The Jewish Outreach Institute, a wonderful organization devoted to enabling Jewish orgs be as welcoming as possible to interfaith families, brands its approach by using the imagery of a 'big tent.' But there's a 'Big Tent Judaism' of a different sort on display in this week's Torah portion (Parshat Terumah). I am speaking, of course, about the parsha's obsession with all things related to the construction of the Tent of Meeting....the portable structure that our ancestors constructed in order to have a place to encounter God during their travels through the wilderness. (Click here for the results of a Google Images search re the Tent of Meeting, though keep in mind that some of these images come from Christian organizations who also find meaning in the Tent, and whose interpretation is potentially different from our own.)
I bring all of this up as background, because I think that we can't really evaluate the meaning of this part of the Torah's narrative without asking ourselves the central question: WHAT IS THE POINT OF THE TENT?
I know....I just wrote that the Tent was a place for our ancestors to encounter God in. But anyone who has studied anything about Jewish theology knows that we believe that God is omnipresent. If that's the case, why do we need a particular structure (or building) to "meet" God in? More importantly why does the Omnipresent One need a mishkan (the Hebrew word for the Tent that can alternatively be translated as a "dwelling place")?
Our rabbis have suggested different answers to these questions over the centuries. Today, I want to share with you one from mid 20th century America. Rabbi Jacob Weinstein (of Chicago) once wrote that: "Our sages believed that the building of holy places, the exercise of piety, prepares the heart for godliness. People who build synagogues [or spend time in them] are more likely to feel the spirit of holiness, the mood of sanctity."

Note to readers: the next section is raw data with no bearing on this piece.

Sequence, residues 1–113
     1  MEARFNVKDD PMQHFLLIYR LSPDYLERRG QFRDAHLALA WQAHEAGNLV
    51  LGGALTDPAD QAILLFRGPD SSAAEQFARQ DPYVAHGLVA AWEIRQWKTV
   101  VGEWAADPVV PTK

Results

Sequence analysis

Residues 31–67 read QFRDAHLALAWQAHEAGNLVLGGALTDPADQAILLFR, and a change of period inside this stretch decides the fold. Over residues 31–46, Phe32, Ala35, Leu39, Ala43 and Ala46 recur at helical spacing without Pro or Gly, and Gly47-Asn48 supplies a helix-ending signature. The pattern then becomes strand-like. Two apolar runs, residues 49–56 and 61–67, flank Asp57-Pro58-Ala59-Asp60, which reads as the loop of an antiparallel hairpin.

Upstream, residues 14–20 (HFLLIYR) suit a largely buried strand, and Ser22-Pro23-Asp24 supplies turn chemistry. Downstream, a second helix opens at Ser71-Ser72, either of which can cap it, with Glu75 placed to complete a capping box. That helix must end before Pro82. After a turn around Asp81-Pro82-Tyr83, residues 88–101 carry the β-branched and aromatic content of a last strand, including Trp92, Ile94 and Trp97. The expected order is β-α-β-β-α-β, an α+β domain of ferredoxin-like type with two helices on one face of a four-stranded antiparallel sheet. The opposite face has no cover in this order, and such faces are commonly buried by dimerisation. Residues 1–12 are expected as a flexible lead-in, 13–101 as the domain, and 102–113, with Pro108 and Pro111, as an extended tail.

Weinstein seems to admit that we absolutely can find God at the beach, or on the mountaintop....but: that our 'best chance' of finding/encountering God's Holy Presence is within the walls of the synagogue.
This is the essential question I'd like us to examine this Shabbat: does space matter?
Do the settings that we find ourselves in have anything to do with how meaningful an inner spiritual life we'll be able to have? And, more importantly, should we privilege the space of the synagogue above all others when it comes to considering the most spiritual spaces in Judaism? (FYI, my colleagues at http://www.adventurerabbi.org/ definitely wouldn't!)
Do you feel different (Jewishly) about yourself when you spend time in a synagogue? Specifically when you're at Temple Solel? Why/why not?
Although the Biblical Author might never have imagined it - it turns out that these questions are also directly relevant as movie-lovers everywhere celebrate the Oscars this weekend! Click here to read about the ongoing trend of declining movie ticket sales. One reason for that is that so many of us are perfectly comfortable staying at home and watching movies on our large flat screen TVs (with surround sound, etc.). Think about this: is there something qualitatively different/better about watching a movie in the theater than watching it at home?
The Torah thinks that there is. The attention to detail that the Torah gives to the instructions for the building of the Tent of Meeting suggests that space matters....that how we experience the world depends in large part on the settings that we find ourselves in. Magic and memories (spiritual or cinematic), according to the Torah, can't just happen anywhere.
What do you think? As always, I'd love to hear your thoughts publicly here on the blog, tweeting @RabbiJBrown, or privately over email.